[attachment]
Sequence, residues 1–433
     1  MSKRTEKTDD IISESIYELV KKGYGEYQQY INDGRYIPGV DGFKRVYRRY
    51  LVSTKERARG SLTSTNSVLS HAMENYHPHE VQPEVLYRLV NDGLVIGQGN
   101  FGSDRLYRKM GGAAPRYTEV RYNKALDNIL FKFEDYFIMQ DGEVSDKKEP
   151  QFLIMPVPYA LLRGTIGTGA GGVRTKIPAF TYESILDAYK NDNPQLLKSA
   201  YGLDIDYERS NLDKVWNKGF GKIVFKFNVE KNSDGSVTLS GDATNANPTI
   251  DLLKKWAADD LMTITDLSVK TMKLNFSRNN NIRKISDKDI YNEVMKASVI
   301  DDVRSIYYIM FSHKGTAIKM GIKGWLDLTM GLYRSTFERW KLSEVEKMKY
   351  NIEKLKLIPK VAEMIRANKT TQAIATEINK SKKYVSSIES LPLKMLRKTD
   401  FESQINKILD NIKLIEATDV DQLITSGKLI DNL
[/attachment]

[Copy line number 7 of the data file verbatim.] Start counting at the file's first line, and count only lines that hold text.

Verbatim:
   251  DLLKKWAADD LMTITDLSVK TMKLNFSRNN NIRKISDKDI YNEVMKASVI